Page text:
Alchemy with Light
Alchemy Experiment No.4 / 2012 / Terry Long
Painting with light gives you the feeling that you are working within the field of alchemy or magic. It is the most exciting art medium that I have ever used, with it’s combination of drawing, painting, design, and photography. The image below was a painting with light demonstration for some of my students. The white wall of the studio was painted first with several standard flashlights/torches that were covered in different colored filters. The two photographic lamps were not turned on, although they appear to be. They were painted with two narrow beamed colored LED lights. The exposure was 30 seconds at f22 in a completely darkened studio.
I am very interested in artwork relating to alchemy, and in particular the illustrations to the writings of Robert Fludd. Fludd (1574-1637) was a respected English physician employed at the court of King James I of England. He was a prolific writer of vast, multi-volume encyclopaedias in which he discussed a universal range of topics from magical practices such as alchemy, astrology, kabbalism and fortune-telling, to radical theological thinking concerning the inter-relation of God with the natural and human worlds. However, he also proudly displayed his grasp of practical knowledge, such as mechanics, architecture, military fortifications, armaments, military manoeuvres, hydrology, musical theory and musical instruments, mathematics, geometry, optics and the art of drawing, as well as chemistry and medicine. All of Fludd’s treatises were lavishly illustrated with extraordinary engravings, unique in their form and subject-matter, which have the visionary quality of a genuine spiritual seer and which exerted an influence on his contemporary occultists such as Michael Maier, Jacob Boehme and Johannes Mylius. Fludd himself designed these images and they were engraved by the artisans employed at his publishers. Some of his own original drawings still exist.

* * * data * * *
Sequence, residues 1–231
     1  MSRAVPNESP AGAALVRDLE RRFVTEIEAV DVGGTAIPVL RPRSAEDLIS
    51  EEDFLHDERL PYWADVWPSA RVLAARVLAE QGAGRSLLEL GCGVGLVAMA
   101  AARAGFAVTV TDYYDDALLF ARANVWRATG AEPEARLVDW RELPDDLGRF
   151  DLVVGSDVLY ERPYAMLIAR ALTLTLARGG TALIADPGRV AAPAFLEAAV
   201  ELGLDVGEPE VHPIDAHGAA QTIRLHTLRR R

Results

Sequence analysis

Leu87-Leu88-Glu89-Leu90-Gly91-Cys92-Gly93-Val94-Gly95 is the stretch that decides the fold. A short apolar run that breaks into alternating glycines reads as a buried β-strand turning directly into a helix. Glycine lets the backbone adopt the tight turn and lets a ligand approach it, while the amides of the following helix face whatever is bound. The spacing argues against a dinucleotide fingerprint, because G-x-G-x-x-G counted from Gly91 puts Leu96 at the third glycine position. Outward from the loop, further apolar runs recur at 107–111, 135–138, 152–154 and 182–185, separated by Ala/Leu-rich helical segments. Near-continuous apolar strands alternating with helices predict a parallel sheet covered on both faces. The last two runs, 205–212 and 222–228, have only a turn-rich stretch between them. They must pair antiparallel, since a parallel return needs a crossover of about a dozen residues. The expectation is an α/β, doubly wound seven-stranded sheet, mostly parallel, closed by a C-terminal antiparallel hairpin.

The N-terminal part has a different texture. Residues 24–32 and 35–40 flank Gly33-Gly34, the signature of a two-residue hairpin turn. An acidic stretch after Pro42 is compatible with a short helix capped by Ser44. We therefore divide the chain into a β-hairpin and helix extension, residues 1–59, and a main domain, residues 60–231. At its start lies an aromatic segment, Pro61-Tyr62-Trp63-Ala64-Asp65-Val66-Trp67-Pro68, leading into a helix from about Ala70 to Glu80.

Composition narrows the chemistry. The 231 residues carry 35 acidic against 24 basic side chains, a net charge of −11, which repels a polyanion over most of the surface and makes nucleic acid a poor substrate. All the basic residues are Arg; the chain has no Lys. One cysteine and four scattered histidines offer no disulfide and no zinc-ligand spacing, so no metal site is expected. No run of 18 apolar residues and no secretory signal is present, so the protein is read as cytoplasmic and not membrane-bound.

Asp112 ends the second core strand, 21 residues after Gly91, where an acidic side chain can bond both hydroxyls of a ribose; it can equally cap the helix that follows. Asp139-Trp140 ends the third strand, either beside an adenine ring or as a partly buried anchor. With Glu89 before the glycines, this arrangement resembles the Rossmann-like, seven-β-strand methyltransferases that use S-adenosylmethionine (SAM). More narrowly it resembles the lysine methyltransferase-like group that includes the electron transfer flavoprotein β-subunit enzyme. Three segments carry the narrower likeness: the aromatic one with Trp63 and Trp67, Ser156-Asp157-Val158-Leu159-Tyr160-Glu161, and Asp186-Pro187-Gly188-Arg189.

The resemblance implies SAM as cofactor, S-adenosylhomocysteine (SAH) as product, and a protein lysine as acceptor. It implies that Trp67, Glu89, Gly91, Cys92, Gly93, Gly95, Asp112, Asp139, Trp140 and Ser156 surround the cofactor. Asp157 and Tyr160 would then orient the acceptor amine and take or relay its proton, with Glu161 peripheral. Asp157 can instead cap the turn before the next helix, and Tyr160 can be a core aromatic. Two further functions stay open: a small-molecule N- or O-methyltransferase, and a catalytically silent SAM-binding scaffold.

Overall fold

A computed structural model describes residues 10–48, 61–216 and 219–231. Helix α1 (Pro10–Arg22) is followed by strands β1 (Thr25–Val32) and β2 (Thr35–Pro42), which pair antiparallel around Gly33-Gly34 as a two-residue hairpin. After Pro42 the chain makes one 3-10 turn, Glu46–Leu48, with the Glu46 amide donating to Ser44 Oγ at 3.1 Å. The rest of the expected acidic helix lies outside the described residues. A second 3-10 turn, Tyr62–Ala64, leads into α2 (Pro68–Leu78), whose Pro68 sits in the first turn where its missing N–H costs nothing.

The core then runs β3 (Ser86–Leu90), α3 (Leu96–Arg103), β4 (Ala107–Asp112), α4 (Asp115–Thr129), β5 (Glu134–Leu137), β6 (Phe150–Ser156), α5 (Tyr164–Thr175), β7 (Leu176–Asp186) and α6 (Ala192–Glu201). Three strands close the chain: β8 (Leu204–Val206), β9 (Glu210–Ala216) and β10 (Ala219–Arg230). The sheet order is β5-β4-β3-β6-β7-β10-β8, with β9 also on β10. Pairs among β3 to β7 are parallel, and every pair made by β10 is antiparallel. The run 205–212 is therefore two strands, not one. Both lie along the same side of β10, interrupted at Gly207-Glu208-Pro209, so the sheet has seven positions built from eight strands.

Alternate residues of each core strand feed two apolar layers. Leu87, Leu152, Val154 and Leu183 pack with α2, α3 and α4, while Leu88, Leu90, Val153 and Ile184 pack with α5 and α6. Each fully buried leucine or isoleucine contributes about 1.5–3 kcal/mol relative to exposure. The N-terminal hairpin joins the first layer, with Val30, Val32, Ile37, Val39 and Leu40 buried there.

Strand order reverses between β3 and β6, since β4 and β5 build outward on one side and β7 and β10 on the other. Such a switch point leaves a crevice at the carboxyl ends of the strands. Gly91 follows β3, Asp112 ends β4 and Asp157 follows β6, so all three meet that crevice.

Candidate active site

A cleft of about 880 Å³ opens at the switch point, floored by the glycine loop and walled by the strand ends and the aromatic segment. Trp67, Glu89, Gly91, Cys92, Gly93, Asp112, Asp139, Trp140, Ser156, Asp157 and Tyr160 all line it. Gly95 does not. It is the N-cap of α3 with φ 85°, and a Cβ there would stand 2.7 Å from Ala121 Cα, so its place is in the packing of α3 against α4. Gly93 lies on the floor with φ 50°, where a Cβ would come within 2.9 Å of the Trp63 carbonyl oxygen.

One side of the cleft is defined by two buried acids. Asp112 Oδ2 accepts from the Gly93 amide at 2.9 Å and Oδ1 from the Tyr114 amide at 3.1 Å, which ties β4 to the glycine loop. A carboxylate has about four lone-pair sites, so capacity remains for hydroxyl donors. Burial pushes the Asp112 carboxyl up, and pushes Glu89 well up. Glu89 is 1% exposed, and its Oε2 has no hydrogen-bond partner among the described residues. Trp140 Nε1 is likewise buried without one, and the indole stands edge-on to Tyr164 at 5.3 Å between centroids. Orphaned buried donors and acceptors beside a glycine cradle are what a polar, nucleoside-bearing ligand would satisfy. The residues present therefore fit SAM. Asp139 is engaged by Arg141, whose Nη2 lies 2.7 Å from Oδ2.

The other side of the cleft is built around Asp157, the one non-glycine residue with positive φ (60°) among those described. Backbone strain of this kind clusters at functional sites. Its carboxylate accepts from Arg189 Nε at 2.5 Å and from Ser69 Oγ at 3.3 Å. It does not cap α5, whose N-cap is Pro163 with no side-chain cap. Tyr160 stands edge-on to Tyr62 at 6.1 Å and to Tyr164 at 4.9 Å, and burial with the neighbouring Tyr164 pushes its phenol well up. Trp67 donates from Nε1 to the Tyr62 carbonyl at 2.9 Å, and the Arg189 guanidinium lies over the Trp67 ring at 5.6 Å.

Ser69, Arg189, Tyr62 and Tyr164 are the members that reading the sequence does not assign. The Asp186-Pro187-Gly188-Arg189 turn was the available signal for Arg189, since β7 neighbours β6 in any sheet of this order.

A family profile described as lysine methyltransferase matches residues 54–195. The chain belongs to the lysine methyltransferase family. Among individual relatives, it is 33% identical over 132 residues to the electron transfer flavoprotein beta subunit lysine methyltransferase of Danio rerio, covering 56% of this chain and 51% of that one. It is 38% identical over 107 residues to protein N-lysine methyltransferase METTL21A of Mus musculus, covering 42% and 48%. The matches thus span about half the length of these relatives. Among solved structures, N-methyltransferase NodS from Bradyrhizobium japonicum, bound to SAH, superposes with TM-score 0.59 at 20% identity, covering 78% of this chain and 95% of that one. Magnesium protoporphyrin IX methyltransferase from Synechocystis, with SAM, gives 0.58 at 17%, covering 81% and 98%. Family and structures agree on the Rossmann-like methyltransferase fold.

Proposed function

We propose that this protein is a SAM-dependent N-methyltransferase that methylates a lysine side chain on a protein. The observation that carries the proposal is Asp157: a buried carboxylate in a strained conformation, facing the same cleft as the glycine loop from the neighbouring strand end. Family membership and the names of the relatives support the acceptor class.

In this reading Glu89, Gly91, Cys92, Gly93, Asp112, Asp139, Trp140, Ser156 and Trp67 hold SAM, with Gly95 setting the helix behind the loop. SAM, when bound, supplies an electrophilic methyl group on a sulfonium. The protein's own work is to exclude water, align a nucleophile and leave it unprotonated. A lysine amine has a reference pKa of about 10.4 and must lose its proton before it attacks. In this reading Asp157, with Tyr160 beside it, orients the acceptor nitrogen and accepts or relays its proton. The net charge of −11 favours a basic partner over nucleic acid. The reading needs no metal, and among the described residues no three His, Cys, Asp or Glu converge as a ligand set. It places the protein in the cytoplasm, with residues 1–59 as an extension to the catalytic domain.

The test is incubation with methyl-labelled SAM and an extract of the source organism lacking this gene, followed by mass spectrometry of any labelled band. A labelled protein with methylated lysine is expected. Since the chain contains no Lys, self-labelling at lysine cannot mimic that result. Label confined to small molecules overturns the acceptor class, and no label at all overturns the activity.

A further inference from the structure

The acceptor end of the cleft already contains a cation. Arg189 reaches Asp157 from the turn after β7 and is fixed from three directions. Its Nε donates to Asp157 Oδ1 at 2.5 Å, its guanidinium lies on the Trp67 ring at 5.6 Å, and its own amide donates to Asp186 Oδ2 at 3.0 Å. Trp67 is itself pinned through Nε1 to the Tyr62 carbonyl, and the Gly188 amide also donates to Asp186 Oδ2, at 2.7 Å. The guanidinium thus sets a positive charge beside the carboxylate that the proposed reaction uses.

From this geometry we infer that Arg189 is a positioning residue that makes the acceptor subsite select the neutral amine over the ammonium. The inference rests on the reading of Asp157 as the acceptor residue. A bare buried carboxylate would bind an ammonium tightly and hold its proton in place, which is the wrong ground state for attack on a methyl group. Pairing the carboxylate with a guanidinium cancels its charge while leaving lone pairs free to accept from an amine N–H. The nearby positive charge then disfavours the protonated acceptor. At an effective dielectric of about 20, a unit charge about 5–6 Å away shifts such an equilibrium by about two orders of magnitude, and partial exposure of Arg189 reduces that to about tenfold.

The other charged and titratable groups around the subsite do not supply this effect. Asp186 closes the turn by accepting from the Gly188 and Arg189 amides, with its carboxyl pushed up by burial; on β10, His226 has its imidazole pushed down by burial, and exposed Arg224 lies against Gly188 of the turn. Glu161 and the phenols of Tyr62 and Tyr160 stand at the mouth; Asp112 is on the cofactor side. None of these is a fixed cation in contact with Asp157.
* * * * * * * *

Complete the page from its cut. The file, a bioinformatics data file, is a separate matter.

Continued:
Claims are sometimes made that Leonardo da Vinci was an alchemist. He was trained in the workshop of Verrocchio, who according to Vasari, was an able alchemist. Leonardo was a chemist in so much as that he experimented with different media for suspending paint pigment. In the painting of murals, his experiments resulted in notorious failures with the Last Supper deteriorating within a century, and the Battle of Anghiari running off the wall. In Leonardo’s many pages of notes about artistic processes, there are some that pertain to the use of silver and gold in artworks, information he would have learnt as a student.
Leonardo’s scientific process was based mainly upon observation. His practical experiments are also founded in observation rather than belief. Leonardo, who questioned the order of the solar system and the deposit of fossils by the Great Flood, had little time for the alchemical quests to turn lead into gold or create a potion that gave eternal life.
Leonardo’s Globe / 2010 / Terry Long
Leonardo’s globe was partly a fanciful idea of the kind of experiment that Leonardo da Vinci could have devised, and partly based on his drawing of a deluge shown below.
Deluge by Leonardo da Vinci